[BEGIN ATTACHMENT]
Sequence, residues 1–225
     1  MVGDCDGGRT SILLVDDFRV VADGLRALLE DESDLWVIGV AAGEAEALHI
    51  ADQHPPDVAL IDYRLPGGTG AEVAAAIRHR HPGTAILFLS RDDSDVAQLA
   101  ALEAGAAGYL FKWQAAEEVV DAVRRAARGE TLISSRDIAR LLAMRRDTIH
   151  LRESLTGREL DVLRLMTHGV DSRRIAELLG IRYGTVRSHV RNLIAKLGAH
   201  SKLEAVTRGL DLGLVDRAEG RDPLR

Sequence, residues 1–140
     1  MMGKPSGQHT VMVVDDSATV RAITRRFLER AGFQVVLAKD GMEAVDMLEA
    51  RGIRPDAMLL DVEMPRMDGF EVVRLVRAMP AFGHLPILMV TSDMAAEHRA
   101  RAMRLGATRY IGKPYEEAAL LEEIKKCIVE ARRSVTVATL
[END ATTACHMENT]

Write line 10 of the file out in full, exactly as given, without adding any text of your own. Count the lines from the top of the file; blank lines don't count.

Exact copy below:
   101  RAMRLGATRY IGKPYEEAAL LEEIKKCIVE ARRSVTVATL